Euro 2016 was marred by incidents of violence and hooliganism, which amplified worry for World Cup and Confederations Cup host Russia. The presence of Russian goon squads at Euro 2016 almost got the national side thrown out of the tournament. Russian politicians didn’t act promptly in condemning the incidents. Some were also of the belief that the violence was in fact, ordered by Vladimir Putin.
To his credit, Russia President Vladimir Putin has now adopted legislation that toughens punishments for stadium violence, as part of a broader crackdown on hooliganism.
The Russian interior ministry has since blacklisted 292 fans, banning them from attending official sporting events.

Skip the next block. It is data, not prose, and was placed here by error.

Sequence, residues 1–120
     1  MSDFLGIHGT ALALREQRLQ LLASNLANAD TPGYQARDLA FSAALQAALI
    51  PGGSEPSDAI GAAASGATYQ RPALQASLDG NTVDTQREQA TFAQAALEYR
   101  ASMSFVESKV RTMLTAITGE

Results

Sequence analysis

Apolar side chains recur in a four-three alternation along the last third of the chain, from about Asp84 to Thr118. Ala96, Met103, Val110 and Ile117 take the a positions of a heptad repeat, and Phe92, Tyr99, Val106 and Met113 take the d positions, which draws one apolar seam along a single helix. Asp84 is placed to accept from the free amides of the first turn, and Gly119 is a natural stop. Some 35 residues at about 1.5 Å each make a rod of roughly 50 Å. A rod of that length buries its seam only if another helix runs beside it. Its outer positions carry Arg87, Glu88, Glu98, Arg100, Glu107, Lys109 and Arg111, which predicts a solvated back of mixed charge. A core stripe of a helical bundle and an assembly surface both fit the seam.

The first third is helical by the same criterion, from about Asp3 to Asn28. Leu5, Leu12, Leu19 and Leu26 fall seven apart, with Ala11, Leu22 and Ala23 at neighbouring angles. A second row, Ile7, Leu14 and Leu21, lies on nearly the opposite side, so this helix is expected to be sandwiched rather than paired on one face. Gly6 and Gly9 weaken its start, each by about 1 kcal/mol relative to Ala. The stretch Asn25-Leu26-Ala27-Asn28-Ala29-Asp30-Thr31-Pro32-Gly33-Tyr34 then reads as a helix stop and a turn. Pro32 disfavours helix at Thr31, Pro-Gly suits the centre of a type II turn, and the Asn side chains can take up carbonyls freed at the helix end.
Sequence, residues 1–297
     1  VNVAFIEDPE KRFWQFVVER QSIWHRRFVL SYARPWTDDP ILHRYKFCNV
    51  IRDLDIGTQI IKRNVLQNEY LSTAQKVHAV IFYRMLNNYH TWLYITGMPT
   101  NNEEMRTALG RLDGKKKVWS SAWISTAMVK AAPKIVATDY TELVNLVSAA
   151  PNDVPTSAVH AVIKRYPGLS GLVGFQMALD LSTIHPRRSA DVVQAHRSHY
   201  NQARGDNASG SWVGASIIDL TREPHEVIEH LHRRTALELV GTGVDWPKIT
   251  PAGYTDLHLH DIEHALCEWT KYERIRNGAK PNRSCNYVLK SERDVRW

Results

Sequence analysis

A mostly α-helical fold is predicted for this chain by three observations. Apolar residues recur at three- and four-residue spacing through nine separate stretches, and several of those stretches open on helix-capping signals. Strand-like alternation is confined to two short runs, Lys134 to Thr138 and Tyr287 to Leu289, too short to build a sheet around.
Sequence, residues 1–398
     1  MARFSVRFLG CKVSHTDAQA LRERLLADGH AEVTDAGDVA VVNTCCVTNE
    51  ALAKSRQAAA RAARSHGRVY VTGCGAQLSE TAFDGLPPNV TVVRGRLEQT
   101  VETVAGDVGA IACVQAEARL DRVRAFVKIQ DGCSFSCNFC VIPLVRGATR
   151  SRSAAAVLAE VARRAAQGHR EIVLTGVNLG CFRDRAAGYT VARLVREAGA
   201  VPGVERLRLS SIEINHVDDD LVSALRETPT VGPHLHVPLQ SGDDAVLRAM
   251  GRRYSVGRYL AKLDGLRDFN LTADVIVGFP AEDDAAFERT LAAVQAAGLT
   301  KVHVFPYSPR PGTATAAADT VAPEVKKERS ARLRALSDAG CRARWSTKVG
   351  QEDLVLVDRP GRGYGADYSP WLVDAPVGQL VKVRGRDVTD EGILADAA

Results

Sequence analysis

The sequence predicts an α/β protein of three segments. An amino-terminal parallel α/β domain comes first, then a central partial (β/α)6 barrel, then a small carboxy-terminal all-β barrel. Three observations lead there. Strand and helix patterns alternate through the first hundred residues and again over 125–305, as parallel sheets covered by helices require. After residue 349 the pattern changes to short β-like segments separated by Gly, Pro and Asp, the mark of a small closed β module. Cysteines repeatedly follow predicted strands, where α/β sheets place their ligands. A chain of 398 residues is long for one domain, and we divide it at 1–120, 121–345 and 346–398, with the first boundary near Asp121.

The Confederations Cup’s ticketing system requires ticket holders to apply for a personalised fan-ID. This is done to ensure that the screening process is not lax and troublemakers can be kept away.
Alexander Shprygin, who was deported from France during Euro 2016, was barred from attending Russia’s opening match against New Zealand just a few hours before kickoff. He was notified by Confederations Cup organisers that his fan-ID had been cancelled.
“The chances of losing the right to attend Confederations Cup and World Cup matches are significantly increased for people who are known to have committed serious violations,” the organising committee said.
For the very first time, FIFA too implemented a three-step procedure at the Confederations Cup. This will allow referees to stop matches in the event of a racist or discriminatory incident.
At Saturday’s opening game, there were two pre-game stadium announcements warning fans against any discriminatory or racist behaviour.